New York Post Mocks Obama’s Afghanistan Trip – Two schools of thought: Obama is at risk of being seen as politicizing national security. Or, any day spent talking about Osama Bin Laden, and not the economy, is a good one.
The curious resignation of Richard Grenell – The political world is buzzing over the sudden resignation of Richard Grenell, the former spokesman for John Bolton at the UN who had signed on to serve as foreign policy spokesman for Mitt Romney’s presidential campaign. Grenell was scheduled to begin work Tuesday, May 1. Instead, he resigned before starting the job.
The news was broken Tuesday morning by Jennifer Rubin, a pro-Romney blogger at the Washington Post. The headline of Rubin’s report said the openly gay Grenell had been “hounded from [the] Romney campaign by anti-gay conservatives.” Rubin cited articles in National Review and the Daily Caller which she said “reflected the uproar by some social conservatives over the appointment.”
Some publications on the left picked up on Rubin’s report and suggested that Grenell had been driven from his job by, among others, Bryan Fischer, a top official at the social conservative American Family Association. Fischer is perhaps best known for a series of inflammatory statements about gays, Muslims, Mormons, and others. Last October, Fischer was scheduled to speak after Romney at the Values Voter summit in Washington. Knowing Fischer’s record, and already concerned by anti-Mormon comments from another attendee, Robert Jeffress, Romney decided to use his speech to condemn Fischer, although not by name.
The district is facing a potential $6.2 million deficit in the upcoming fiscal year, which amounts to approximately 7 percent of the district’s total annual expenditures of about $90 million.
Also as part of the Fiscal Stabilization Plan, board members will also vote on a 2 percent salary reduction for classified administrators, including a pay cut for the district’s assistant superintendent of personnel and its chief business official. Board members already approved the pay cuts for certificated administrators and the superintendent.
El Monte Union’s construction management company Del Terra will also present an update on projects taking place within the district.
The meeting takes place at 6 p.m. at South El Monte High School’s Professional Development Center, 1001 Durfee Ave.
Transcript: Obama hails ‘light of a new day’ in Afghanistan – Good evening from Bagram Air Base. This outpost is more than 7,000 miles from home, but for over a decade it has been close to our hearts. Because here, in Afghanistan, more than half a million of our sons and daughters have sacrificed to protect our country.
Today, I signed an historic agreement between the United States and Afghanistan that defines a new kind of relationship between our countries — a future in which Afghans are responsible for the security of their nation, and we build an equal partnership between two sovereign states; a future in which the war ends, and a new chapter begins.
Tonight, I’d like to speak to you about this transition. But first, let us remember why we came here. It was here, in Afghanistan, where Osama bin Laden established a safe-haven for his terrorist organization. It was here, in Afghanistan, where al Qaeda brought new recruits, trained them, and plotted acts of terror. It was here, from within these borders, that al Qaeda launched the attacks that killed nearly 3,000 innocent men, women and children.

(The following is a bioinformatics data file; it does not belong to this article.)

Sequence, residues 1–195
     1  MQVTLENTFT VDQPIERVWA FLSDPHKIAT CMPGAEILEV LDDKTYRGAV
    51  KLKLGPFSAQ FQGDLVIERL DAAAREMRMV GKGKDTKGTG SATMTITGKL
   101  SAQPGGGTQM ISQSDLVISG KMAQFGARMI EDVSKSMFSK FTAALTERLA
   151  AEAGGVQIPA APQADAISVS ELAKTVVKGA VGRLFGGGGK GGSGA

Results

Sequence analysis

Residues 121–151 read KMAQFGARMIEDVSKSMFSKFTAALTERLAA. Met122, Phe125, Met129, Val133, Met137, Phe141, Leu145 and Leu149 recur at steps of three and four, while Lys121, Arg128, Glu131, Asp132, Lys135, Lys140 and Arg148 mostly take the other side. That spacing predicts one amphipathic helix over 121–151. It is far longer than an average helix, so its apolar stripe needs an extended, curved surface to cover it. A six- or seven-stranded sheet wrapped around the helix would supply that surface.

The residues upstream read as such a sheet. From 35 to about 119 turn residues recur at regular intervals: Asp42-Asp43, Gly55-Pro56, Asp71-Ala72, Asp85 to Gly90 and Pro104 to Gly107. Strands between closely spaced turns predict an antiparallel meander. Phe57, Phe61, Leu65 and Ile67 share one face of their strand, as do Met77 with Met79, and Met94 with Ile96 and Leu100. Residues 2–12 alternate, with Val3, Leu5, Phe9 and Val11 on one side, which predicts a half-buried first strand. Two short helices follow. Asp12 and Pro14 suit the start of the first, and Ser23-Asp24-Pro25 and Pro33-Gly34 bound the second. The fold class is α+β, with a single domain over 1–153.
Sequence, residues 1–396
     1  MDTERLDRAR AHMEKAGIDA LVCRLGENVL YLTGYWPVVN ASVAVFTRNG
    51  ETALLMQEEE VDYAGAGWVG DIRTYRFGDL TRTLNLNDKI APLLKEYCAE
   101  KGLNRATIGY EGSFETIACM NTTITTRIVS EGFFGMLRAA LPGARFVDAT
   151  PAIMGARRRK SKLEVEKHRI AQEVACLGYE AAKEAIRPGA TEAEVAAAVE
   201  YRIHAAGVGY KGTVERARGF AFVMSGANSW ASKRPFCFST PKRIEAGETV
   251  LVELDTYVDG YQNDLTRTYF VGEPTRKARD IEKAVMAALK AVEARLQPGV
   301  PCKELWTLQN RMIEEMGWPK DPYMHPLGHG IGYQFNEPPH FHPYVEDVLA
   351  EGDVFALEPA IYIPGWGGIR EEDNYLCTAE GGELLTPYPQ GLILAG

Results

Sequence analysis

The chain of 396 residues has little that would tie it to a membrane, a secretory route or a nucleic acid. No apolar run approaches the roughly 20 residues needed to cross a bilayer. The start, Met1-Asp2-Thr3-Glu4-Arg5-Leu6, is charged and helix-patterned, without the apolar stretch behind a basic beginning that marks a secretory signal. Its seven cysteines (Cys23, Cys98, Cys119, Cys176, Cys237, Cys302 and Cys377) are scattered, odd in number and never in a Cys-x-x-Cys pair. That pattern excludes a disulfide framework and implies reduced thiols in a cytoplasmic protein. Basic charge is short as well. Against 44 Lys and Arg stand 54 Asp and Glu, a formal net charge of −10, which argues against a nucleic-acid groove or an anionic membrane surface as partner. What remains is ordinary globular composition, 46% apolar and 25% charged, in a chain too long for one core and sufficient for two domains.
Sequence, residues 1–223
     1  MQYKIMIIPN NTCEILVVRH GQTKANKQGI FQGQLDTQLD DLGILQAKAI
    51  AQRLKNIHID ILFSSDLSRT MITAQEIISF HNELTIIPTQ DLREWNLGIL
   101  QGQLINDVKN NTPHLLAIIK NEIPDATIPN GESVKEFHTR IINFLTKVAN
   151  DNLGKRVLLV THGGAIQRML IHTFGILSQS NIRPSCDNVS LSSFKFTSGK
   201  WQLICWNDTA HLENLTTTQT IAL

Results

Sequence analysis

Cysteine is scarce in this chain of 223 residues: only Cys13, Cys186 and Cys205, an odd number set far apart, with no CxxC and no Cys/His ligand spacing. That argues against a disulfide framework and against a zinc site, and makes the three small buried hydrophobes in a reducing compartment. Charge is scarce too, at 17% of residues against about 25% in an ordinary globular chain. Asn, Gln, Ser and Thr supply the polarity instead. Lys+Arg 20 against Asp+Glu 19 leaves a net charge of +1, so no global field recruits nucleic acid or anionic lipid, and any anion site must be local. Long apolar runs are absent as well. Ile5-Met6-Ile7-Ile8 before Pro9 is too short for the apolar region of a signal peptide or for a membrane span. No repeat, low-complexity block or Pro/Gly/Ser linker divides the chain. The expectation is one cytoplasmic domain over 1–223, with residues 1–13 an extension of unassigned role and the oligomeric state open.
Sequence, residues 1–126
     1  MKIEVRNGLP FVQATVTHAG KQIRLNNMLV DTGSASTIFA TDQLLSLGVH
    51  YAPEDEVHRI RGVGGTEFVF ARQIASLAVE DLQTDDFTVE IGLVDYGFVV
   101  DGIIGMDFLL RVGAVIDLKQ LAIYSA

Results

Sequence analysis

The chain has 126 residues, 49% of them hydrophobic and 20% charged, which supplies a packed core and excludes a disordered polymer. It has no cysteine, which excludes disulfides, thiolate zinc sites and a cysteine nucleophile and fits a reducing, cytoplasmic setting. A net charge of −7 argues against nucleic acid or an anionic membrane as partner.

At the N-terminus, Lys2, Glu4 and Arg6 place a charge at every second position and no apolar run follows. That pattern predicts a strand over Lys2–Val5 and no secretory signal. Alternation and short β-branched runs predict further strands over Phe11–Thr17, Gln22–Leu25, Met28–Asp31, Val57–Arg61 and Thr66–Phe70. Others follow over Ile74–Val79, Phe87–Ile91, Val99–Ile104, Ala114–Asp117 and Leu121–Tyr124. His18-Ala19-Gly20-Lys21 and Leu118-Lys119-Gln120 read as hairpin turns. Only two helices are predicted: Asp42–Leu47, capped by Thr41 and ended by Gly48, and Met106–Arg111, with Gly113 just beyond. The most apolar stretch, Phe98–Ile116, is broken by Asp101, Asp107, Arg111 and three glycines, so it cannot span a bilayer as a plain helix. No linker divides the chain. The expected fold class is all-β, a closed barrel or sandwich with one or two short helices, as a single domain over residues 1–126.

Restore our Future is targeting ads in Ohio ($501,000), Iowa ($395,000), Virginia ($241,000), Colorado ($299,000), Nevada ($275,000), Florida ($857,000), North Carolina ($652,000), Michigan ($452,00) and New Hampshire ($225,000), according to a GOP source that revealed the figures to Politico.
The ads will air in the period between May 3 and May 1
A Giant Leap for Richard Nixon – Imagine if President Nixon had decided to base his 1972 re-election campaign on the boast that he landed on the moon. His predecessors tried and failed for eight years. It wasn’t an easy decision–what if something went wrong? But that’s why you hire a president, to make those gutsy calls. Which path would George McGovern have taken?
That’s analogous to President Obama’s effort to campaign on the killing of Osama bin Laden. His absurd braggadocio is turning one of the few successes to occur under his leadership into a political liability.
Last week the Obama campaign released an advertisement featuring Bill Clinton (the president who actually did pass up opportunities to get bin Laden) praising Obama’s leadership and suggesting that Mitt Romney would have let bin Laden go. Nonsense, Romney replied: “Even Jimmy Carter would have given that order,” the New York Times quotes him as saying. (James Fallows, who worked in the Carter White House, grudgingly confirms Romney’s surmise.)
Blahous and Capretta: Exposing the Medicare Double Count – One of the enduring mysteries of President Obama’s health law is how its spending constraints and payroll tax hikes on high earners can be used to shore up Medicare finances and at the same time pay for a massive new entitlement program. Isn’t this double counting?
The short answer is: Yes, it is. You can’t spend the same money twice. And so, thanks to the new health law, federal deficits and debt will be hundreds of billions of dollars higher in the next decade alone.
Here’s how it works. When Congress considers legislation that alters taxes or spending related to Medicare’s Hospital Insurance Trust Fund, the changes are recorded not just on the Hospital Insurance Trust Fund’s books, but also on Congress’s “pay-as-you-go” scorecard.
These are my links for March 23rd through March 26th:
Poll: 47% disapprove of Obama health care law – As the Supreme Court embarks on three days of historic arguments over President Obama’s health care law – two years after the law was enacted – Americans remain skeptical about the legislation.
A CBS News/New York Times poll shows 47 percent of Americans disapprove of the president’s Affordable Care Act, including 30 percent who strongly disapprove. In the poll, conducted March 21-25, only 36 percent of those questioned said they support the law either somewhat or strongly.
5 things to watch in health law oral arguments – The Super Bowl for Supreme Court watchers kicks off this week as the justices hear three days of oral arguments in what could be the blockbuster case of a generation: whether President Barack Obama’s signature law overhauling the American health care system is constitutional.
The stakes couldn’t be higher for Obama, for the balance of power between the states and federal government and for the reputation of the court itself.
Currently, Talamantes is a special education teacher at Margaret Heath Elementary School in Baldwin Park. Talamantas was selected out of nine possible candidates.